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Archive for Friday, October 28, 2005

Auto firms to steer toward blue hues

October 28, 2005

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— Only a handful of people know what new vehicles will look like in 2009, but automotive paint supplier PPG Industries Inc. already has a good idea what colors those vehicles will be.

Blue will get more popular in the next four years as more dramatic shades are introduced, such as watery blue-greens and smoky lilacs. Yellows and oranges will get richer and warmer. Reds will glow in deep shades of cranberry and wine, and dark brown will make a comeback.

"Not everything in here is gospel, but it's a general direction," said Lorene Boettcher, PPG's manager of global design and color marketing, as she stood amid dozens of swatches of color at the company's suburban Detroit office.

Each fall, Pittsburgh-based PPG conducts a color tour for auto industry officials so they can look at upcoming trends and choose colors they can refine further in their own studios. General Motors Corp. and DaimlerChrysler AG's Chrysler Group are among PPG's largest automotive customers. The show travels the world for the next nine months.

Future colors are identified from trends in fashion, interior design, architecture and even cosmetics, Boettcher said. As hybrid vehicles get more popular, drivers may be looking for earthy, natural tones. Redwood, a trend in home furnishing, is inspiring natural shades of red. Luxury makers, always looking for ways to set their vehicles apart, might choose rich blends that change slightly depending on the light or paints with flecks of silver-coated glass.

Automotive color swatches are shown at PPG Industries Inc. in Troy, Mich. The company is playing host to a color tour for auto industry officials, offering a glimpse at upcoming trends. The company expects blue to become popular.

Automotive color swatches are shown at PPG Industries Inc. in Troy, Mich. The company is playing host to a color tour for auto industry officials, offering a glimpse at upcoming trends. The company expects blue to become popular.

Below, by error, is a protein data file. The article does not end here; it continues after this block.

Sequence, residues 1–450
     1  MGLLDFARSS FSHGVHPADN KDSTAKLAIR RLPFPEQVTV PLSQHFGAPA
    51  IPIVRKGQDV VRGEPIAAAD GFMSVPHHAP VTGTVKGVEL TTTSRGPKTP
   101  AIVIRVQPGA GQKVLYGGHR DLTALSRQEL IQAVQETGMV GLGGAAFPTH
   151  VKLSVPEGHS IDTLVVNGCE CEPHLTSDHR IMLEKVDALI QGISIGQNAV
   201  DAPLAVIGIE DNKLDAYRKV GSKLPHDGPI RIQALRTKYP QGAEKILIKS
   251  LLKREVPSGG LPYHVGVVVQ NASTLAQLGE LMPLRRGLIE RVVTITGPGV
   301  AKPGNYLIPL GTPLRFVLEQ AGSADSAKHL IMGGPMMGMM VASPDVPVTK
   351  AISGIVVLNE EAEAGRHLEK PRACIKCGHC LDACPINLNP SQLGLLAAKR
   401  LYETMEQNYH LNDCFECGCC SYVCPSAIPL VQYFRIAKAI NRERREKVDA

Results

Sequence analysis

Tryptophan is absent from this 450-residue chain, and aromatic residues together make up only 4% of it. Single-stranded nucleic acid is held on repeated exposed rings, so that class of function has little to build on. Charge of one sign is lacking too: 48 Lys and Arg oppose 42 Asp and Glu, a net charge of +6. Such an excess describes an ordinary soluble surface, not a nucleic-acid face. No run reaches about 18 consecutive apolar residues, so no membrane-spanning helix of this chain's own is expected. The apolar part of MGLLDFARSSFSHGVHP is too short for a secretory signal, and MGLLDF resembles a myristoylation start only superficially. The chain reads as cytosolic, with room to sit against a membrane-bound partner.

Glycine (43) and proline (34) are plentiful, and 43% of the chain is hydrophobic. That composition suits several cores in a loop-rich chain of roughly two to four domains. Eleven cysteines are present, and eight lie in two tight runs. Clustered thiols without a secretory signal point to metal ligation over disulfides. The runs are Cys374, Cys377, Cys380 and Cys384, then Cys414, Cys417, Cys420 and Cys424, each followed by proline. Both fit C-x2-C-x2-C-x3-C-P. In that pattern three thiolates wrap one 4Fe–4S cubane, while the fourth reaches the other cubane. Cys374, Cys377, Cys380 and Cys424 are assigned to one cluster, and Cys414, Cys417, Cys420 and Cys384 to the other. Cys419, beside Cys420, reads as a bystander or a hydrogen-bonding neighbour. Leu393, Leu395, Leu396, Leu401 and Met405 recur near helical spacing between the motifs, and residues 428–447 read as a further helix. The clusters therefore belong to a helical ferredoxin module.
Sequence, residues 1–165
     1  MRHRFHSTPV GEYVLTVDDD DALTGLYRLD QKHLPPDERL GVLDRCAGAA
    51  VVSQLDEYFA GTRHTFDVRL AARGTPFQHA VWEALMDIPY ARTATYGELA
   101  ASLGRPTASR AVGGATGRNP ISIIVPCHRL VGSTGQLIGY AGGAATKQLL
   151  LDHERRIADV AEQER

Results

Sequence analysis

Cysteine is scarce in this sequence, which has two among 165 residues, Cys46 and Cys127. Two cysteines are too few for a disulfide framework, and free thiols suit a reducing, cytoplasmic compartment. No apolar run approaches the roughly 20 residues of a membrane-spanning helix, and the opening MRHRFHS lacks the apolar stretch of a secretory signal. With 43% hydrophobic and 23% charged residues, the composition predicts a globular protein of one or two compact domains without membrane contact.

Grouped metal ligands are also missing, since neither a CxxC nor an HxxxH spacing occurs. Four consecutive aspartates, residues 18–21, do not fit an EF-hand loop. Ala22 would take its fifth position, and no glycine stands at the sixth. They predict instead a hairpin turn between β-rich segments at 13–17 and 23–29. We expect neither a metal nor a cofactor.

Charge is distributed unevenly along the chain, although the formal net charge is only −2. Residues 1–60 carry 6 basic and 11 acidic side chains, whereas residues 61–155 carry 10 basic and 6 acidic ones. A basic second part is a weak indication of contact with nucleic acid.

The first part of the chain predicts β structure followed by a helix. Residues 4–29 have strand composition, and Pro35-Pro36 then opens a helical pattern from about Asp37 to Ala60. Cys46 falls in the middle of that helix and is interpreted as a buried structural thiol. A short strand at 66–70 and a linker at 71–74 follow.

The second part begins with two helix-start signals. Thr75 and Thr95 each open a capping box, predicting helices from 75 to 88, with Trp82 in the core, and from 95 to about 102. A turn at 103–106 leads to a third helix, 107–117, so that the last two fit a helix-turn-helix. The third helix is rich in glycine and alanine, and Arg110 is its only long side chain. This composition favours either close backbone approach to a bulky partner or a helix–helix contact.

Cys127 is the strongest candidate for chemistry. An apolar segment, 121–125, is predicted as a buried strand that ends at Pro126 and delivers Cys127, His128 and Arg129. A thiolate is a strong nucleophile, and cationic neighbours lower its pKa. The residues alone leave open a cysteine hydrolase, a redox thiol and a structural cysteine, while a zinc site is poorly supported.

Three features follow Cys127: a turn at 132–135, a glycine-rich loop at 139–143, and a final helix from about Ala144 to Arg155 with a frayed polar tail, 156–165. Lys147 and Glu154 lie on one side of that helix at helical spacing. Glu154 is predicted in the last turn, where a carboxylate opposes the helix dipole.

PPG has 20 colorists in North America, Europe, Japan, South Korea, China, Malaysia, India and Australia. They work separately to identify trends and then bring all their ideas together for the show. This year's show features 130 new colors.

Silver is the worldwide favorite right now, making up 37 percent of vehicles produced. White is second at 14.4 percent. Blue and black are right behind, at 12.7 percent and 11 percent. Red, green, beige and other shades each command less than 10 percent of the market.

Silver will remain popular for several more years, Boettcher said, and PPG is trying to enhance it by experimenting with blends like silvery green and technology that makes paint look like liquid metal.

Each region has its quirks. North America likes paint colors that are more conservative but with sparkly flecks, although the colors are brighter than they were a decade ago, Boettcher said. Emerging Asian markets like bright, hopeful colors, including red and gold.








Favorite shades

Here are the top colors in vehicles produced worldwide: ¢ Silver, 37 percent ¢ White, 14.4 percent ¢ Blue, 12.7 percent ¢ Black, 11 percent Red, green, beige and other shades each command less than 10 percent of the market. Source: The Associated Press

"All of our customers are always looking for the next brighter red," said Jerry Koenigsmark, manager of automotive color design for North America. Koenigsmark said new technology, such as red-coated flakes of aluminum, are helping the company achieve that goal.

In Europe, the palette is larger, less sparkly and funkier. Because cars there are smaller, automakers experiment with colors like pink and kelly green. Blacks tinted with red and green also are growing in popularity.

Boettcher said natural tones will be a hit, including leathery browns and sophisticated, muted metallics. One color she showed was inspired by cappuccino, others by burlap and handmade dye.

Many auto executives have steered away from brown because it was a popular color when the industry went through tough times in the 1970s, she said. But that will start to change.

"That is something that's going to start at the high end and work its way down to the mainstream," Boettcher said.

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